Aphaenogaster picea

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Aphaenogaster picea
Scientific classification
Kingdom: Animalia
Phylum: Arthropoda
Class: Insecta
Order: Hymenoptera
Family: Formicidae
Subfamily: Myrmicinae
Tribe: Attini
Genus: Aphaenogaster
Species: A. picea
Binomial name
Aphaenogaster picea
(Wheeler, W.M., 1908)

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Specimen Label

Synonyms

A common ant in the eastern United States, it can be found across a wide range of forest habitats. Aphaenogaster picea is closely related to Aphaenogaster rudis, with which is shares many morphological and biological characteristics. It will preferentially nest in downed wood and old stumps but is rather opportunistic and flexible in that it will nest under bark, under objects on the ground, in soil, or in any cavity that provides a suitable range of temperature and protection. Their omnivorous foragers are important dispersers of myrmecochorous seeds.

Photo Gallery

  • Foraging worker.
  • Worker returning to her nest with a prey item. Horn Pond Hill, Woburn, Massachusetts, USA, 27 June 2013, collected by Gary D. Alpert in small forest on side of hill. Nest under a stone.
  • Workers within their nest.
  • A nest with workers and larvae.

Identification

Aphaenogaster picea is diagnosed by the last four antennal segments being lighter in color than the rest of the antenna, by its piceous color and northern ranges in North America (DeMarco, 2015).

Keys including this Species

Distribution

Distribution based on Regional Taxon Lists

Nearctic Region: United States (type locality).


Distribution based on AntMaps

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Distribution based on AntWeb specimens

Check data from AntWeb

Biology

This species is closely related to Aphaenogaster rudis. An account of the biology of these species (see the biology section of the A. rudis species page) was summarized by Lubertazzi (2012).

Paluh et al (2015) found this ant was a preferred prey of the Eastern Red-backed Salamander (Plethodon cinereus).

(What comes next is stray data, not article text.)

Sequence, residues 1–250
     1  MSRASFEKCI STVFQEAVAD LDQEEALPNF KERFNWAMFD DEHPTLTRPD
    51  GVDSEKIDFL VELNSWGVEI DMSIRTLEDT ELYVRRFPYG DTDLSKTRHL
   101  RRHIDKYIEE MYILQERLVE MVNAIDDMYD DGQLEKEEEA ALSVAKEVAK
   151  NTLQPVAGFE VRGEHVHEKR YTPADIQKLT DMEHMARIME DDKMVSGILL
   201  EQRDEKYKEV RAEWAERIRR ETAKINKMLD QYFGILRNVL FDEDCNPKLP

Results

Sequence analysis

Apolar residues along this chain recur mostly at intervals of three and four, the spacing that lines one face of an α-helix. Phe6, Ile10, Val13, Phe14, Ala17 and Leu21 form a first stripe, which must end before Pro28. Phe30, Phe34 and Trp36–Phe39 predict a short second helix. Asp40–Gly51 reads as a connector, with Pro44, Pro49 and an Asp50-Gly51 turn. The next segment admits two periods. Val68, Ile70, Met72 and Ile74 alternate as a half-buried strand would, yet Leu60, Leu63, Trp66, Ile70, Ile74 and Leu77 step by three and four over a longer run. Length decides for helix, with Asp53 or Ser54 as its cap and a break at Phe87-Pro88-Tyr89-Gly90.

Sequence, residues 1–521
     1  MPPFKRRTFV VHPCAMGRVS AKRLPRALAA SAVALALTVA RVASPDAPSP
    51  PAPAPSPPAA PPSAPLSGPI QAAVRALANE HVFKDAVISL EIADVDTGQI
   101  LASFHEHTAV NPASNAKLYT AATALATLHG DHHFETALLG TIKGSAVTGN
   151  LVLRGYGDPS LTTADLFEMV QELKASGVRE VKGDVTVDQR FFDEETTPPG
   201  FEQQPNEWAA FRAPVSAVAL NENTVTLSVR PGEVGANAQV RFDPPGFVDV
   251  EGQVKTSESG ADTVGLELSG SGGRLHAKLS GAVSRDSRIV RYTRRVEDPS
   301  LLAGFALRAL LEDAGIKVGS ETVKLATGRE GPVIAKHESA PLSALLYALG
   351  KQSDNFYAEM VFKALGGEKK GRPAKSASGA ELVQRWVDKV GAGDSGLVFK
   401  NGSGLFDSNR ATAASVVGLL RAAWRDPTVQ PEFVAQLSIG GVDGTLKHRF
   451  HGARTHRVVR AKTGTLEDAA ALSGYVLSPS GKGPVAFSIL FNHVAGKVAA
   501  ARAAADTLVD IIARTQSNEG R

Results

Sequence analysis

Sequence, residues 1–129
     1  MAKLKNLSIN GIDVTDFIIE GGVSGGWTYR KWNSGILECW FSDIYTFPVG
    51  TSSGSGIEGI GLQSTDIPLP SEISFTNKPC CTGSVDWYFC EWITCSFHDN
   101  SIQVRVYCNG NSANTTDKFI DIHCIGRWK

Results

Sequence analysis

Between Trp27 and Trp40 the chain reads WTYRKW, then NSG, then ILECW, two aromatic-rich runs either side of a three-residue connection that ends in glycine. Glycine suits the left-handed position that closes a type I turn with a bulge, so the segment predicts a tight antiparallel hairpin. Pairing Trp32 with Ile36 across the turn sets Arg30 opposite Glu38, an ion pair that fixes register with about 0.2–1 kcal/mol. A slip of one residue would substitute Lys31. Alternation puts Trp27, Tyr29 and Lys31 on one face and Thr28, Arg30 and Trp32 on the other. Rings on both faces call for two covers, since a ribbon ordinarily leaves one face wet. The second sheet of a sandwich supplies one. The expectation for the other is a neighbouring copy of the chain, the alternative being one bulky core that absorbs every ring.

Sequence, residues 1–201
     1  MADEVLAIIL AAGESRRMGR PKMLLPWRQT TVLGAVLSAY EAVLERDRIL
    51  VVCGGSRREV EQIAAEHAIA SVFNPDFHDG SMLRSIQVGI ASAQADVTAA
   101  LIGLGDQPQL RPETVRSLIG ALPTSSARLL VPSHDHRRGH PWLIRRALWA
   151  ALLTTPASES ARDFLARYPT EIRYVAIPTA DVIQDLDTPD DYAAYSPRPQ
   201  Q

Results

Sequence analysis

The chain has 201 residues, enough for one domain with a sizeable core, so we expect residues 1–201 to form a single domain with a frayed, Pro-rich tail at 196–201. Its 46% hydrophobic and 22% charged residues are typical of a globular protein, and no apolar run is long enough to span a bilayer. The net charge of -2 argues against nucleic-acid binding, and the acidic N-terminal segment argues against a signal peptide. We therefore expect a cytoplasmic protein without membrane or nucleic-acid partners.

Castes

Worker

Nomenclature

The following information is derived from Barry Bolton's New General Catalogue, a catalogue of the world's ants.

  • picea. Stenamma (Aphaenogaster) fulvum var. piceum Wheeler, W.M. 1908f: 621 (w.q.m.) U.S.A.
    • [First available use of Stenamma (Aphaenogaster) fulvum subsp. aquia var. piceum Emery, 1895c: 305 (w.q.m.) U.S.A; unavailable (infrasubspecific) name.]
    • Combination in Aphaenogaster (Attomyrma): Emery, 1921f: 57.
    • Subspecies of fulva: Buren, 1944a: 284.
    • Subspecies of rudis: Enzmann, J. 1947b: 150 (in key); Creighton, 1950a: 148; Smith, D.R. 1979: 1362.
    • Senior synonym of punctithorax: Smith, 1951c: 796; Mackay & Mackay, 2017: 359.
    • [Note: picea was made available earlier than rudis; hence picea has priority (Bolton, 1995b: 72).]
    • Status as species: Bolton, 1995b: 72; Umphrey, 1996: 558 (in key); Mackay & Mackay, 2002: 76; Coovert, 2005: 48; Ellison, et al. 2012: 230.
  • punctithorax. Aphaenogaster texana subsp. punctithorax Cole, 1938a: 239, fig. 2 (w.) U.S.A.
    • Unidentifiable taxon: Creighton, 1950a: 151.
    • Junior synonym of picea: Smith, M.R. 1951a: 796.
    • Unidentifiable taxon; incertae sedis in Aphaenogaster: Smith, D.R. 1979: 1364.
    • Junior synonym of picea: Smith, 1951c: 796; Mackay & Mackay, 2017: 359.

Type Material

  • Stenamma fulvum piceum: Syntype, worker(s), queen(s), male(s), Canada, Connecticut, Pennsylvania, District of Columbia, New York, New Jersey, United States, location of material unknown.
  • Stenamma fulvum piceum: Syntype, worker(s), queen(s), male(s), locality not specified, Canada, location of material unknown.
  • Aphaenogaster texana punctithorax: Holotype, worker, Gregory Bald, Great Smokey Mountains National Park, Tennessee, 3500 ft., United States, 35°31′0″N 83°52′0″W / 35.516667°N 83.866667°W / 35.516667; -83.866667, 19 October 1937, A.C. Cole, Cole No. C-T-2186, Cole Collection; minute surface nest beneath rock on wet, deciduous forested slope.
  • Aphaenogaster texana punctithorax: Paratype, 4 workers, Gregory Bald, Great Smokey Mountains National Park, Tennessee, 3500 ft., United States, 35°31′0″N 83°52′0″W / 35.516667°N 83.866667°W / 35.516667; -83.866667, 19 October 1937, A.C. Cole, Cole No. C-T-2186, Cole Collection; minute surface nest beneath rock on wet, deciduous forested slope.

Description

References